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« Reply #26: June 22, 2009, 06:14:18 pm »

It’s true that Persephone descent is a metaphor of a coming of age more than it is of a meeting with suffering and death. Growing into a powerful queen, Kore moves past  her identity of Demeter’s child and acquires a new name, a woman’s name, which is symbolic of her learning to know herself as adult.

Actually, it was more about the changing of seasons then either of the things you mentioned.

Quote
Jennifer Reif remarks on this aspect of her mythology rather than focusing on the rape, according to certain pre-Hellenic versions that had Persephone facing the darkness of Underworld on her will, out of compassion  for the wandering, queen-less ghosts  in need of a comforting guidance (check Charlene Pasternak book to read this version, it’s a delightful experience ), and eventually expands this concept to paint a new story, while trying to explain realistically how the Eleusis ‘s Great Mysteries and other Demeter’s feasts were once celebrated.
Personally, I found her work inspiring… I was born close to that famous Locri Epizefiri sanctuary (I was lucky enough to visit it when I was in high school) and so I had developed a fascination of sorts with Persephone, yet I didn’t seem able to properly ‘connect’ with Her and Her myths, until I opened ‘Mysteries of Demeter’. It just clicked right emotionally and intuitively, and it helped a lot to add depth to my understanding of two beautiful and magnificent goddesses… this is what makes a book good for me, whether the viewpoint it express it’s classic or not.

So to answer your question, I think you could use it in building the basics of your practice if you are interested in Hellenistic Witchcraft, because it’s not wicca-ish at all.  For a more scholarly work, you could try something and anything by Sarah Iles Jhonson… she’s wonderfully informative and a very serious author. Her ‘Hekate Soitera’ completely won me over.  And Charlene Pasternak ‘s ‘A Recollection of Pre-Hellenic Myths’ is also especially enticing.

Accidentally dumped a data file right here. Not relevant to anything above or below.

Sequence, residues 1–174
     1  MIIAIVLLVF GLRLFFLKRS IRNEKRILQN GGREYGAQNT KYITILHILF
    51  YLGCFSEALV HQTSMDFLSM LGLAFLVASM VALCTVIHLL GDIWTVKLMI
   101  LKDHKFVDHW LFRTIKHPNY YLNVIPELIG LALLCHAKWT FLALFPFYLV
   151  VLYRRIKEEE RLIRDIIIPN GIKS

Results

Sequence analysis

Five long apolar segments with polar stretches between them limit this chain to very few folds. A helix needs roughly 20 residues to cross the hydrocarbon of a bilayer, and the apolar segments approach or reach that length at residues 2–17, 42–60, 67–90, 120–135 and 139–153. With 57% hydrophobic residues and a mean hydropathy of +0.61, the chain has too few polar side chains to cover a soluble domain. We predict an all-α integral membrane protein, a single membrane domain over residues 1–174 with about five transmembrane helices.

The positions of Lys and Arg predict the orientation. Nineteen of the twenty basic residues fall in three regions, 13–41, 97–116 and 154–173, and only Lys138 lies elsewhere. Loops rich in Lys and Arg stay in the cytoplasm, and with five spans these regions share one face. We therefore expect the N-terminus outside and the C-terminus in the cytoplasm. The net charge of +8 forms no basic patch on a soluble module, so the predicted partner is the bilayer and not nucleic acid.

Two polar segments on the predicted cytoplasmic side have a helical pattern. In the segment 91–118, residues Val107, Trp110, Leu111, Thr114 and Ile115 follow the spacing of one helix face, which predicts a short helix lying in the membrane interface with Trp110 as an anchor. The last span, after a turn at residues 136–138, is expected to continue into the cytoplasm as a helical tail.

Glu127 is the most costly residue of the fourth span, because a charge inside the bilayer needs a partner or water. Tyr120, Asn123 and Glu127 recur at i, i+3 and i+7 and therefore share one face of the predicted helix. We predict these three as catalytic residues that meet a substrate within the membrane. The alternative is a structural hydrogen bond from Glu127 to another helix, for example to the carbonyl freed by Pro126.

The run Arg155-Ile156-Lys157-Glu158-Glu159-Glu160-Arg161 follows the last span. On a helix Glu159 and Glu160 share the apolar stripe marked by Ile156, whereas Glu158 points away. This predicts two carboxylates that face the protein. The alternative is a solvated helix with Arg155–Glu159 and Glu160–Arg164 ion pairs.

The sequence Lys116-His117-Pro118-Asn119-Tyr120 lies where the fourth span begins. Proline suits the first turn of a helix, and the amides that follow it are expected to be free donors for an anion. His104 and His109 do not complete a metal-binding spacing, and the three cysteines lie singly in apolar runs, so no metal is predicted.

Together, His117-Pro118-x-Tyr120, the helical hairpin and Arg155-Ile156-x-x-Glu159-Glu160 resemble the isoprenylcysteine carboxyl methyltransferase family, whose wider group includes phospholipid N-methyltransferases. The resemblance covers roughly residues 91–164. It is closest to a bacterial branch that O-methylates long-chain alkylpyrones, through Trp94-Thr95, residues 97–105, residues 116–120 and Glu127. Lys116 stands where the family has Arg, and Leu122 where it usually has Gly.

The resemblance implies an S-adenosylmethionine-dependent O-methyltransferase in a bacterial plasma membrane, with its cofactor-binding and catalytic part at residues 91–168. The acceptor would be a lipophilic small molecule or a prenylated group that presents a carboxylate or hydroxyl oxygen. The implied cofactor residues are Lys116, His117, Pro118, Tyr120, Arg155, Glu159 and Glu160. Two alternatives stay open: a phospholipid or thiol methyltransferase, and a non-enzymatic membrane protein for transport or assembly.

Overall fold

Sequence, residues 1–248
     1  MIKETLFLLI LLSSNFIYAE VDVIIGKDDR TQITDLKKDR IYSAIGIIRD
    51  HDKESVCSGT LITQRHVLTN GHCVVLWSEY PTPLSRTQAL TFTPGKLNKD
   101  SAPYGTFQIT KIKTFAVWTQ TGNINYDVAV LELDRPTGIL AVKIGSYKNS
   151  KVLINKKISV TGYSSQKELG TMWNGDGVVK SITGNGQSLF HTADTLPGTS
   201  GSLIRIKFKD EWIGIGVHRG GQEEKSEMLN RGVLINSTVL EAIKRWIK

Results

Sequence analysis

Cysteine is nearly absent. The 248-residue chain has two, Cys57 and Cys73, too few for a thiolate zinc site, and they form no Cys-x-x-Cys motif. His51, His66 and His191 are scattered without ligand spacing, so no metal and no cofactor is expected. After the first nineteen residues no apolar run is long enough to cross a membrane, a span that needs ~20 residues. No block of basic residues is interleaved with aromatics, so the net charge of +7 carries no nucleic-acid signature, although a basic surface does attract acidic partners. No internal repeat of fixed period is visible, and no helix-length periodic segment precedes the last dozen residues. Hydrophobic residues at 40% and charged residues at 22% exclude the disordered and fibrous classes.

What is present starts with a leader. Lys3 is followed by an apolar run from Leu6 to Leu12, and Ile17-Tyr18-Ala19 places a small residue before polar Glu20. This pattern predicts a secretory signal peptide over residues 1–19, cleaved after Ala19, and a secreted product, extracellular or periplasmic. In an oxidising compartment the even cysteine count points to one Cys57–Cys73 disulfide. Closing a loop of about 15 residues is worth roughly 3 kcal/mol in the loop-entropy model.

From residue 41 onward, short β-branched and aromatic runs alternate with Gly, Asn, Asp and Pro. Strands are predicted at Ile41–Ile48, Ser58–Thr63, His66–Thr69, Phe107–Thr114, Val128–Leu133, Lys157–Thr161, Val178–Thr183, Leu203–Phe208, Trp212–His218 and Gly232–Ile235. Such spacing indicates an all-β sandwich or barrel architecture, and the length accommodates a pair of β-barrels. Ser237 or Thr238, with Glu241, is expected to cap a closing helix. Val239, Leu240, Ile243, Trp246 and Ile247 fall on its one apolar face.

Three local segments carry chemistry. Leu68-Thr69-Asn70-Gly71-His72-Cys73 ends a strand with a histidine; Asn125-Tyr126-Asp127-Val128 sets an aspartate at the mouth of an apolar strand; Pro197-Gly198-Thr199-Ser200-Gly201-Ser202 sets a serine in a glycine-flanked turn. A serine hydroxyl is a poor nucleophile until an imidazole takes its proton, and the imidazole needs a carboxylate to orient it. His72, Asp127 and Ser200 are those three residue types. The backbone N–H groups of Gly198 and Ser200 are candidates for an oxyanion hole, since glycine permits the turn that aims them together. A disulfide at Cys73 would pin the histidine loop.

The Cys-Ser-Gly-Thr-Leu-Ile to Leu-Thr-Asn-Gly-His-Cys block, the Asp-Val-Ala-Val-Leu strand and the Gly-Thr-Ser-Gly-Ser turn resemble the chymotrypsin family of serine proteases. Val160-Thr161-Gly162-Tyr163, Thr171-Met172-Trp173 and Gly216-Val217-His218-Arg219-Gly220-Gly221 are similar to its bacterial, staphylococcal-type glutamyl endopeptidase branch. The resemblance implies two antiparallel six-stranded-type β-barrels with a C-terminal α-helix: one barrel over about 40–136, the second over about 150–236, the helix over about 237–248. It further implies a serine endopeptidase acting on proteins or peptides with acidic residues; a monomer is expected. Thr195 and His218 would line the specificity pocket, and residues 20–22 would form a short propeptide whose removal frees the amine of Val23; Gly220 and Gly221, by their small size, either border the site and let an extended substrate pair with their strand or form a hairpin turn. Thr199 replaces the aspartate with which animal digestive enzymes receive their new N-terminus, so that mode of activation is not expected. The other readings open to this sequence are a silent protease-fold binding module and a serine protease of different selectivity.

A search of B&N didn't pull up this book so do you know off hand which type of sources Pasternak used.  I'm asking because (I think) this version of Persephone came up on these forums before and the one member who has a degree related to this subject said it was nothing more than a bowdlerized version of the original story.
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« Reply #27: June 24, 2009, 12:59:21 am »



A search of B&N didn't pull up this book so do you know off hand which type of sources Pasternak used.  I'm asking because (I think) this version of Persephone came up on these forums before and the one member who has a degree related to this subject said it was nothing more than a bowdlerized version of the original story.

Her biblyography is endless and includes a lot of books on archeological preellenic sites... I might copy part of it down if you are interested,but her research sounded quite solid to me.
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« Reply #28: June 30, 2009, 03:15:13 am »

Actually, it was more about the changing of seasons then either of the things you mentioned.

A search of B&N didn't pull up this book so do you know off hand which type of sources Pasternak used.  I'm asking because (I think) this version of Persephone came up on these forums before and the one member who has a degree related to this subject said it was nothing more than a bowdlerized version of the original story.

I just tried googling the author, title and a number of different combinations of the words and names thereof and have yet to find the book.
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« Reply #29: June 30, 2009, 08:02:08 am »

I just tried googling the author, title and a number of different combinations of the words and names thereof and have yet to find the book.

try this:

Lost Goddesses of Early Greece: A Collection of Pre-Hellenic Myths by Charlene Spretnak: http://www.amazon.com/Lost-Goddesses-Early-Greece-Pre-Hellenic/dp/0807013439/ref=sr_1_1?ie=UTF8&s=books&qid=1246362939&sr=1-1